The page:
You can also integrate vault with Kubernetes cluster to inject secrets into pods.

Infrastructure Monitoring & Logging

Monitoring is also an important aspect of infrastructure automation. You can use metrics and alerts from monitoring systems to automatically take decisions like scaling, notifications, remediations, etc.

Let’s look at some of the monitoring tools that can be part of your infrastructure. If you want to know about free tools, look at the list of open source monitoring tools.

18. Prometheus & Alert Manager

Prometheus is an open-source monitoring system. It is very lightweight and specifically built for modern application monitoring. It supports Linux server and Kubernetes monitoring.

It has out-of-the-box support for Kubernetes and Openshift monitoring. The alert manager manages all the alerting setups for the monitoring metrics.

Also, there are many open-source exporters available for applications. You can use these exporters to push application metrics into Prometheus.

20. Sensu

Sensu is an open-source monitoring framework written in Ruby. Sensu is a monitoring tool specifically built for cloud environments. It can be easily deployed using tools like chef and puppet. It also has an enterprise edition for monitoring.


Infrastructure automation is a requirement for every DevOps team. Usage and selection of a tool depend on factors like cost, skillset, functionality, etc.

Again one tool will not definitely fit your needs. The selection of toolsets should be based on the organization’s/team requirements rather than the functionality of the tool.

Also, if you want to look at a comprehensive list of tools that can be used in the DevOps toolchain, check out the devops tools list where I have covered 90+ best tools in different categories.

So what tools are you using for infrastructure automation?

Also, if you’re looking for a good container orchestration tool, read my reviews of the best container orchestration tools.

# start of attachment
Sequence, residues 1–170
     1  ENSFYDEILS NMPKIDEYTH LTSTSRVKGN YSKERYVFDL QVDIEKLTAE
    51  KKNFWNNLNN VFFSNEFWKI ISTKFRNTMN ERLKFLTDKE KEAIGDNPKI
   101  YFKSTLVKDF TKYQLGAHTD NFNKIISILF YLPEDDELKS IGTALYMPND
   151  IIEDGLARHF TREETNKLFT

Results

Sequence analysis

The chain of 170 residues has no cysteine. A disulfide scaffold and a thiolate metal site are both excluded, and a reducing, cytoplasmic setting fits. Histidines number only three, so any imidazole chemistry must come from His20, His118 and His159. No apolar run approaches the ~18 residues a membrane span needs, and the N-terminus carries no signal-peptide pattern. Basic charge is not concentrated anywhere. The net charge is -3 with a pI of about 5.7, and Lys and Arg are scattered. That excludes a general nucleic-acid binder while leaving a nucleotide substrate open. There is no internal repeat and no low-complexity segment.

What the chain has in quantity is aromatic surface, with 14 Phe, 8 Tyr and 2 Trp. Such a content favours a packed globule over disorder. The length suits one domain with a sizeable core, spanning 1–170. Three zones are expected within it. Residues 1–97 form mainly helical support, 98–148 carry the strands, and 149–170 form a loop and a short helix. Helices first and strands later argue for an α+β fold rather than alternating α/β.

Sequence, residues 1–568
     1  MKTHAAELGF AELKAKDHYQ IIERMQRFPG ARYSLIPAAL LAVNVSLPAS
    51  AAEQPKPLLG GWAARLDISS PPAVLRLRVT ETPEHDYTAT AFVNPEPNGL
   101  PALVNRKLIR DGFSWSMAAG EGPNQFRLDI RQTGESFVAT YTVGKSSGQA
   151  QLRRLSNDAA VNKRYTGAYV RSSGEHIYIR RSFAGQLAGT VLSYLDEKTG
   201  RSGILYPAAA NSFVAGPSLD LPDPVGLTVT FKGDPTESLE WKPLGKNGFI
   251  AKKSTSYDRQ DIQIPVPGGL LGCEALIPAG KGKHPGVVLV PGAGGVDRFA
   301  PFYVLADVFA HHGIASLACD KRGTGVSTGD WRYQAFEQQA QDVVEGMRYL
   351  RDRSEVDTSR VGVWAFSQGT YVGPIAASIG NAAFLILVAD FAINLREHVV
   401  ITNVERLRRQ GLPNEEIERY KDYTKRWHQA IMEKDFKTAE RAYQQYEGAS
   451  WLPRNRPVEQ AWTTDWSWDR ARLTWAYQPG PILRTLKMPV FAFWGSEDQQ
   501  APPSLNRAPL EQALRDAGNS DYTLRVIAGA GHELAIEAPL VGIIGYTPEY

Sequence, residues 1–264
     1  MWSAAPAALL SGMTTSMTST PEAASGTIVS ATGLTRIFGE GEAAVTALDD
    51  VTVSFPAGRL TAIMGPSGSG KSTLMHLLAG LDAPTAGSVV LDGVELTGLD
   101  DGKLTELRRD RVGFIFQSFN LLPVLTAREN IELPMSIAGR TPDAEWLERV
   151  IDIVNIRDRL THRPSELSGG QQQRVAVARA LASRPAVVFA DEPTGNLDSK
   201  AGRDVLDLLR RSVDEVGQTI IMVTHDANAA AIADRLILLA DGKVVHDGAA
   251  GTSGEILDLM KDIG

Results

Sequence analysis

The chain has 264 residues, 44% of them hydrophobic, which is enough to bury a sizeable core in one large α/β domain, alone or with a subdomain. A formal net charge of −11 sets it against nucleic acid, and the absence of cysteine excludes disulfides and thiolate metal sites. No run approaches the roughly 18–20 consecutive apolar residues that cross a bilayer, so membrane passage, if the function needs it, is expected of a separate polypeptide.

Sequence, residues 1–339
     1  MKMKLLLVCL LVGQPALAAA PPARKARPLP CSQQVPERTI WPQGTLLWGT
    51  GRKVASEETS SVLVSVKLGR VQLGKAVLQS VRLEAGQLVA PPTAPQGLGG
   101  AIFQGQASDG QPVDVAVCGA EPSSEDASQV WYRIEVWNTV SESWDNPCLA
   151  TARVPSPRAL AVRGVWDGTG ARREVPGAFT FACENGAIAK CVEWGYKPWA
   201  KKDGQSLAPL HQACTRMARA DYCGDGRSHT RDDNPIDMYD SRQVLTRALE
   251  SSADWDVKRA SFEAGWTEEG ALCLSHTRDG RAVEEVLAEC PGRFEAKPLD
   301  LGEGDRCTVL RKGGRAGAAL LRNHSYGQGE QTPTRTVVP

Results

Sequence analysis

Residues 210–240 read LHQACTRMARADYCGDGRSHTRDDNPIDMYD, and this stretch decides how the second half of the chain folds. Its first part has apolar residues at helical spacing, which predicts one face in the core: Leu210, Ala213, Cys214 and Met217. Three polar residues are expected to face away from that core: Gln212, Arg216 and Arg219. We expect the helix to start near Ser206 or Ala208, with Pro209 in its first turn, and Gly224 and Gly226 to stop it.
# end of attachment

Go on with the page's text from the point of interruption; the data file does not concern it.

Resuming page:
1. Nice. Thanks for the insightful list of DevOps tools for infrastructure automation. DevOps is implemented using varied tools, where the aim is just to streamline the processes and speed up delivery.

  2. It’s awesome to know about these Infrastructure automation tools.If you give some more points about each tool,then that will be more helpful for us to do server provisioning, configuration management, automated builds, code deployments and monitoring of data center Infrastructure.

  3. At the end of article, tool names specified under the title “Other tools worth considering,” are spelled wrongly by mistake I guess.

    1) Reiman => Riemann
    4) Slunk => Splunk

    Kindly update the names with correct spelling.

  4. Wow. That is so elegant and logical and clearly explained. Keep it up! I follow up your blog for future post.

  5. I want to recommended another great automation tool: Adam Remote Automation Tool for IT and DevOps. The tool it’s not open source but it’s free tool for automate series of tasks on any remote computer (Windows/Linux).

    1. this looks horrendous. XML config files? Windows master server? Stay away from this.

      This doesnt do anything that Ansible or Salt cant already do, and it looks amateurish.

  6. The above descriptions are small snippets of what the tools can do . It would be great if the readers can a clear sense of distinction between the different tools and what tools one should be using in a particular instance of time .

  7. Pingback: What is Devops? What does it really mean?